Tuesday, January 31, 2023 Jan 31, 2023
26° F Dallas, TX

First Person: Water Vigilante

Dallas’ favorite pop psychologist has won millions of fans with his Tuesday appearances at the right hand of Oprah. But now that Dr. Phil has his own daytime television show, will those fans still listen when he "tells it like it is"?
By Heather Havrilesky |

The perp turned out to be none other than the city of Dallas itself. In front of a Public Works and Transportation building, water dribbled out of the grass and down Canton Street. And directly across the street stood a billboard with a public service ad for the Water Utilities department. It read, “Have Your Sprinkler Heads Examined.” This calls for more than one exclamation point: !!!

The rest of my ride-along was illuminating, if not as irony filled. I learned that Patricia is really a kindhearted woman with a nearly impossible job to do. She is responsible for policing roughly 192 square miles, and the day we went out, we spotted a violation in some neighborhoods every few hundred feet.

More importantly, though, I learned that I am a snitch. A tattletale. A stoolie. I am way beyond concerned, citizen-wise. I delight in bringing scofflaws to justice. Since riding with Patricia, I have called in more than one potential violation (note to Post Properties management: that was me). I’m fueled by an odd vigilantism, like Chuck Bronson in Death Wish 4, who, when a friend’s daughter dies of an overdose, has no choice but to go to war on drug dealers. Except my friend’s daughter hasn’t died of an overdose, and I’m only going to war with those drug dealers who cause or permit the irrigation or watering of any lawn between 10 am and 6 pm. But my point is, I’m filled with a white-hot, burning rage that can only be quenched by a well-aimed, well-maintained sprinkler head.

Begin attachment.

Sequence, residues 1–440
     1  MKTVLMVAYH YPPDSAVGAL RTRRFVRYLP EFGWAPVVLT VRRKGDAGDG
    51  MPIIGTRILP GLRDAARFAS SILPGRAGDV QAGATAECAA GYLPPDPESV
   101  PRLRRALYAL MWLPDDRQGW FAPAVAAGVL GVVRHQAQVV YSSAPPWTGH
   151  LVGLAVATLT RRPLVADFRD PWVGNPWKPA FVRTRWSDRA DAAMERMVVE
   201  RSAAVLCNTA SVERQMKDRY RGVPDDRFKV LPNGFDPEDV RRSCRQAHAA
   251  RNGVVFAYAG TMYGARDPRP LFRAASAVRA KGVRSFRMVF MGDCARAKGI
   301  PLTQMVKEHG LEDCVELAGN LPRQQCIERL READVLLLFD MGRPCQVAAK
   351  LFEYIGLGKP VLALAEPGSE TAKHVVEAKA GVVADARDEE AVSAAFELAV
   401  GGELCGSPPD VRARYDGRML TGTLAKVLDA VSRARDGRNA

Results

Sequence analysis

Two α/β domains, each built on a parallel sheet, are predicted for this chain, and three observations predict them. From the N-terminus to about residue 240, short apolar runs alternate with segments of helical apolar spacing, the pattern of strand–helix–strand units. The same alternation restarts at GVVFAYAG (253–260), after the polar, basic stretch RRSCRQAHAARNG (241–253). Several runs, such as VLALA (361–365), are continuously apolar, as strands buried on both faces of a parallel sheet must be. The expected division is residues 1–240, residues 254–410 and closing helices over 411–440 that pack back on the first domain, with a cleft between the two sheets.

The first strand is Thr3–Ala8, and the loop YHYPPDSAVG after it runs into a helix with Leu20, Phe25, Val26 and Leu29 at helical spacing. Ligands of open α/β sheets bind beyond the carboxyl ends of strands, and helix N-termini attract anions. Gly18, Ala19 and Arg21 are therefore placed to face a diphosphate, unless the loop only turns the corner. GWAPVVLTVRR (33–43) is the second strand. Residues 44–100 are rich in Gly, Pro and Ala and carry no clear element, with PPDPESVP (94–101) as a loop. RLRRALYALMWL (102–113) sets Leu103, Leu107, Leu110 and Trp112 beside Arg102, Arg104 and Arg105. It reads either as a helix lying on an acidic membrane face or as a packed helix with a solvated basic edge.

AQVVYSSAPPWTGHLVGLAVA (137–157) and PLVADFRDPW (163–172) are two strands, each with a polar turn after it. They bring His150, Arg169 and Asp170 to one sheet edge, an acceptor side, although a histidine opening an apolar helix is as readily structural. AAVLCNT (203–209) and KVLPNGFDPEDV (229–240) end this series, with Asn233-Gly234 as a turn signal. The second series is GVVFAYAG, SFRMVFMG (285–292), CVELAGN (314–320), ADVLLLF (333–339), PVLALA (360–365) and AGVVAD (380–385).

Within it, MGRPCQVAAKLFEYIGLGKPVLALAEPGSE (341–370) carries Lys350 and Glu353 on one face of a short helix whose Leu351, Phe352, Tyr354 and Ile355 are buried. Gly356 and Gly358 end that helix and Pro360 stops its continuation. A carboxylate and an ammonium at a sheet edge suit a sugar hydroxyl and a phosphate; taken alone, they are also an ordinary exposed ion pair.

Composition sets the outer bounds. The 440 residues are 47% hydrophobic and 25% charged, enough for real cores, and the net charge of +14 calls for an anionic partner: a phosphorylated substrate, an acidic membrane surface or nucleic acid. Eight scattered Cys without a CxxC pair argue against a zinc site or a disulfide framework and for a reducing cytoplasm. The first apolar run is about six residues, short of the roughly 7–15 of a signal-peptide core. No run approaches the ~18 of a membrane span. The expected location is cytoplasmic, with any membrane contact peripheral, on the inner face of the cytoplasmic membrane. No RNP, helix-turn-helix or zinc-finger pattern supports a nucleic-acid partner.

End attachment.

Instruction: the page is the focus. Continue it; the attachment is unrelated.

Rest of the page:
When Patricia and I stopped at one house that had been running its sprinklers throughout the afternoon, using upwards of 65,000 gallons of water a day, and when she only wrote the groundskeeper a warning, I wanted to scream, “Bring him down! Issue him a fine of not less than $250 but no more than $2,000! And do it slowly, so I can watch the expression on his face.”

But I didn’t. My focus remains on the “code” part of “code enforcement.” But I have Patricia’s cell phone number, and I know where you water wasters live.